Paul H. Williams, Gleaner Writer
ST PETER'S Anglican Church, called The Alley, is located within the Clarendon sugar belt between Amity Hall and Monymusk. It is in the heart of the sugar industry and has been there for nearly three centuries. And from the look of things, it might just be around for another 300 years, barring any catastrophic natural disaster.
Originally built at Withywood in 1671, it was rebuilt in 1715 after the 1692 earthquake. In 1722, it was partially destroyed by a hurricane, and the current structure was completed in 1735. It is the third-oldest Anglican Church in Jamaica, behind The Cathedral in Spanish Town, St Catherine, and the St Andrew Parish Church. The Alley was magnificently built with red bricks and stone quoins, now painted white, and has a bell tower at its main entrance.
The stairs leading to the three-quarter ton cast-iron bell brought from London in 1875 are on the right as one enters this awesome historic space. The massive pipe organ, restored in 1910 and in need of minor repairs, is said to be one of the oldest in the Caribbean. It commands much attention, and so do the many exquisite monuments, wall, and floor tablets mounted or laid in dedication to the dearly departed.
Amazingly well preserved
Some of them are amazingly well preserved and the inscriptions are still legible. The lovely thing about these inscriptions is that apart from giving the names, dates of birth and death of the deceased, they actually tell a story, giving a little extra.
For instance, the one in memory of Kean Osborn, late Speaker of the Jamaica House of Assembly, said he died in 1820 in France on his way to Italy "for the health of the wretched survivor Elizabeth Osborn".
Quite interesting it is. Who is Elizabeth, and why was she called "the wretched survivor"?
Other interesting features are the stained-glass windows on the eastern side, depicting the story of Jesus Christ, and those above the gallery at the western end that show the Lord's Prayer, the Creed, and the Ten Commandments.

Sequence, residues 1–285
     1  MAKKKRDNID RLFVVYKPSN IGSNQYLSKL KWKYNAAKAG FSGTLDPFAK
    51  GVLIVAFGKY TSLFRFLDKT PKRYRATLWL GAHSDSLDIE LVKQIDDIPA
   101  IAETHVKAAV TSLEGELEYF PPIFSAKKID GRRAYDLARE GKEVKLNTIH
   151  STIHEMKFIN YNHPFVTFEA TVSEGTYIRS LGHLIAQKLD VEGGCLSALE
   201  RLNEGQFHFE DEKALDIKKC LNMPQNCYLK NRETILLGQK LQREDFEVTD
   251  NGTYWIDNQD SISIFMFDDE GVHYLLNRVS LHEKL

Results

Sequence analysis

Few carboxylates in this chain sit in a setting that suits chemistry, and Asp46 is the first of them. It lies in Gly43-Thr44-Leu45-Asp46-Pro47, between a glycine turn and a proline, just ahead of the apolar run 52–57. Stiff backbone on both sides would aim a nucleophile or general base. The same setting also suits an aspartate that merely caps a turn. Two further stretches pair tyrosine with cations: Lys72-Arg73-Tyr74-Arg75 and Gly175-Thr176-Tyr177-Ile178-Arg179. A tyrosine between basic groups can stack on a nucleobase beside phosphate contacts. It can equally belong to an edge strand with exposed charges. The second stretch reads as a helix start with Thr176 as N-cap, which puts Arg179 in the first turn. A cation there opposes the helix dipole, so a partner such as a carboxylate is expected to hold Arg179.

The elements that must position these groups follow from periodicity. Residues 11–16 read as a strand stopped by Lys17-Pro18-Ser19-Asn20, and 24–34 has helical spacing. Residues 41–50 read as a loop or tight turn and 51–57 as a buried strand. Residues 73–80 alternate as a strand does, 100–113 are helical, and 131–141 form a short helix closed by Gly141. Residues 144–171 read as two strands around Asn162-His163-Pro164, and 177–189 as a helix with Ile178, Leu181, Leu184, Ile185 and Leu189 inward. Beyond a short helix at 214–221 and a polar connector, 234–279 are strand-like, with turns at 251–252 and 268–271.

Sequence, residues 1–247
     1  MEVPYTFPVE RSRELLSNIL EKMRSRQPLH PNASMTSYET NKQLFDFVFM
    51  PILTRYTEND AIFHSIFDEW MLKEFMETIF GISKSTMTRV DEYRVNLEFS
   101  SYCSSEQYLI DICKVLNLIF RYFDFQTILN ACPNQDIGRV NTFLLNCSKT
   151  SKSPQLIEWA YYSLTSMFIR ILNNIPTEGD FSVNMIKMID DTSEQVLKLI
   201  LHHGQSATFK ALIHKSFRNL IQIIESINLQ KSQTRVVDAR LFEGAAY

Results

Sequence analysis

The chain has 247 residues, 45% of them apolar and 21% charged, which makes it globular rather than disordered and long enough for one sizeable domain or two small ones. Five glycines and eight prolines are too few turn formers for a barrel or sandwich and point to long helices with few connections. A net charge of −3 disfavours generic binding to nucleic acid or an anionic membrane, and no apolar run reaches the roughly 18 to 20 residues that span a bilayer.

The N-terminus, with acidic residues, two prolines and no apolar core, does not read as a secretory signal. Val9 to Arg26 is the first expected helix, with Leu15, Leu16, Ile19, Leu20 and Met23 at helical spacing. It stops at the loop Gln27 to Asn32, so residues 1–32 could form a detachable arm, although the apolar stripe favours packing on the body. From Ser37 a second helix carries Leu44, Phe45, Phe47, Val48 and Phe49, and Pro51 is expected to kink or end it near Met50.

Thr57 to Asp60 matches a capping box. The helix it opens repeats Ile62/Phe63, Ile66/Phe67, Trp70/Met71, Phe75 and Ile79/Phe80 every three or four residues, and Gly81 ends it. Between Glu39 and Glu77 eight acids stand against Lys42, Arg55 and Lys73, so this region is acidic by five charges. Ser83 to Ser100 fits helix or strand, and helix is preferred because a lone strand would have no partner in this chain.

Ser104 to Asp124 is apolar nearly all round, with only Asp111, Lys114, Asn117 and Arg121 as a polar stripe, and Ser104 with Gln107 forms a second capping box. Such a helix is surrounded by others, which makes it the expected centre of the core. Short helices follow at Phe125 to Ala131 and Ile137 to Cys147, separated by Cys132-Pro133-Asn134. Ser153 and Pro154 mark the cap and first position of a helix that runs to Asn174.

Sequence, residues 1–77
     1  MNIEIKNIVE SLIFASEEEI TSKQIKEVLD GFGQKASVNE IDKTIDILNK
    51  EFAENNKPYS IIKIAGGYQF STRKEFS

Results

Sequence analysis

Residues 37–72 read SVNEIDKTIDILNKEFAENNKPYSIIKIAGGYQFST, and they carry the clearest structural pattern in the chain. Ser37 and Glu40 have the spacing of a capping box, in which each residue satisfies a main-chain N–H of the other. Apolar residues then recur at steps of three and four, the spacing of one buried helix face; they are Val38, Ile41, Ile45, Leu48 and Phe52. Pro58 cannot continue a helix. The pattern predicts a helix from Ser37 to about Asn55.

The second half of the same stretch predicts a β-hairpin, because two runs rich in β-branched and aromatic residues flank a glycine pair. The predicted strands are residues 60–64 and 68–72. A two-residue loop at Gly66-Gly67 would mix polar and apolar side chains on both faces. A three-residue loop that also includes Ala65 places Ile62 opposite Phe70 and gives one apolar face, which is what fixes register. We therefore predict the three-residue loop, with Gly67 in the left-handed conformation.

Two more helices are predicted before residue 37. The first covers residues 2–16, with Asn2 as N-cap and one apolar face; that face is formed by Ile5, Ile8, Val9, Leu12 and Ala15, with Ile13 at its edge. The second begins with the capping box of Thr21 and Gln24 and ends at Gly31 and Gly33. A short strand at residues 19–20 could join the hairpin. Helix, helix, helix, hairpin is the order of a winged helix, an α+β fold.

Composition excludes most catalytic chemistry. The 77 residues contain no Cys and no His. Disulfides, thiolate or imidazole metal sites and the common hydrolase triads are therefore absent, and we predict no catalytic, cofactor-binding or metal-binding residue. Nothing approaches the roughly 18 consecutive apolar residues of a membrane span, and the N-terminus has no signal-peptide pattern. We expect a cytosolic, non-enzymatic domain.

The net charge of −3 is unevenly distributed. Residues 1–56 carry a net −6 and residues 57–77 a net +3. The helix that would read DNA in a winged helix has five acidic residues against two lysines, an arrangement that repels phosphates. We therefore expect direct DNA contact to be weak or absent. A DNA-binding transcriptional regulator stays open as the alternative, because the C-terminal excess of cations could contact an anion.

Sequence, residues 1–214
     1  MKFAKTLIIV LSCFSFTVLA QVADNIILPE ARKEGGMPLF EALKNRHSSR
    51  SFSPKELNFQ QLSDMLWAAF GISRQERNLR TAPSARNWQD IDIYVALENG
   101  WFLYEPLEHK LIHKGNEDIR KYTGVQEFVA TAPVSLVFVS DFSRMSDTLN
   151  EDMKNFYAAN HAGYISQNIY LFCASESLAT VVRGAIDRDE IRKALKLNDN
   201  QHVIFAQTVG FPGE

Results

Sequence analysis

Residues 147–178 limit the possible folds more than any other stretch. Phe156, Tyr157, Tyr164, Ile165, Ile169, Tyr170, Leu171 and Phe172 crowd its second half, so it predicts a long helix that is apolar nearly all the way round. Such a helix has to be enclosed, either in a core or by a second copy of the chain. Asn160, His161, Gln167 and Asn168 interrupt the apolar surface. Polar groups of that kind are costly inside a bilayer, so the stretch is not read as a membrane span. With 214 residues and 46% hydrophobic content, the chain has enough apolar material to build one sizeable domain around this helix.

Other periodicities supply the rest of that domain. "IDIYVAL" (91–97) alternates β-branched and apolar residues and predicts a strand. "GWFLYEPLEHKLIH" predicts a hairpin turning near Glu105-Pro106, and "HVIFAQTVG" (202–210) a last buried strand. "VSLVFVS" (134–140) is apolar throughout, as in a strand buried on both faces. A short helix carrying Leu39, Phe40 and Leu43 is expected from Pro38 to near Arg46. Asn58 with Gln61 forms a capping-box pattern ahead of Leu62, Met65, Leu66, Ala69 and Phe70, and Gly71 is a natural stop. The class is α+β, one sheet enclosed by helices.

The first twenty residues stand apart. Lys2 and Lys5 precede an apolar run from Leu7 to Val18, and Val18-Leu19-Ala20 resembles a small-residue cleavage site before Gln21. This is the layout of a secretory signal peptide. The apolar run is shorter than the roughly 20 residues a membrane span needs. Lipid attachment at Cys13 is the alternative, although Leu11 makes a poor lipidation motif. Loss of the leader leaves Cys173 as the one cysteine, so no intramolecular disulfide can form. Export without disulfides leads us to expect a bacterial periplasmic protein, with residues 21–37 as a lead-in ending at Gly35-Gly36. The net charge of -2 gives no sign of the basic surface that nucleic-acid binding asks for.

The rare slate roof, damaged by the elements over time, has been replaced by a shingle roof. But while the church is still solid despite some maintenance challenges, there are two other structures on the property that could perhaps be restored for their utility and historical value.
The Mike Robinson Hall, which was built around and above the very old rectory, is now in a state of ruin, having partially been destroyed by fire. The metal step rails were removed in broad daylight by thieves. The rectory, which seems to be occupied by a squatter, is also in a state of disrepair.
The cemetery and other sections of the property are used for grazing by trespassers, and when Rural Xpress visited recently, several animals were seen enjoying the vegetation thereon. While the long-departed lie still in their graves, the living are eking out a living on the historic grounds of St Peter's Anglican Church.
As Rural Xpress was about to leave, there appeared a young man, looking all over the place for his goats. He wasn't concerned about the history of The Alley and the ancient graves that surround her. It was a juxtaposition of the very old still standing firm, still saving souls perhaps, and the young going around in circles searching for his goats.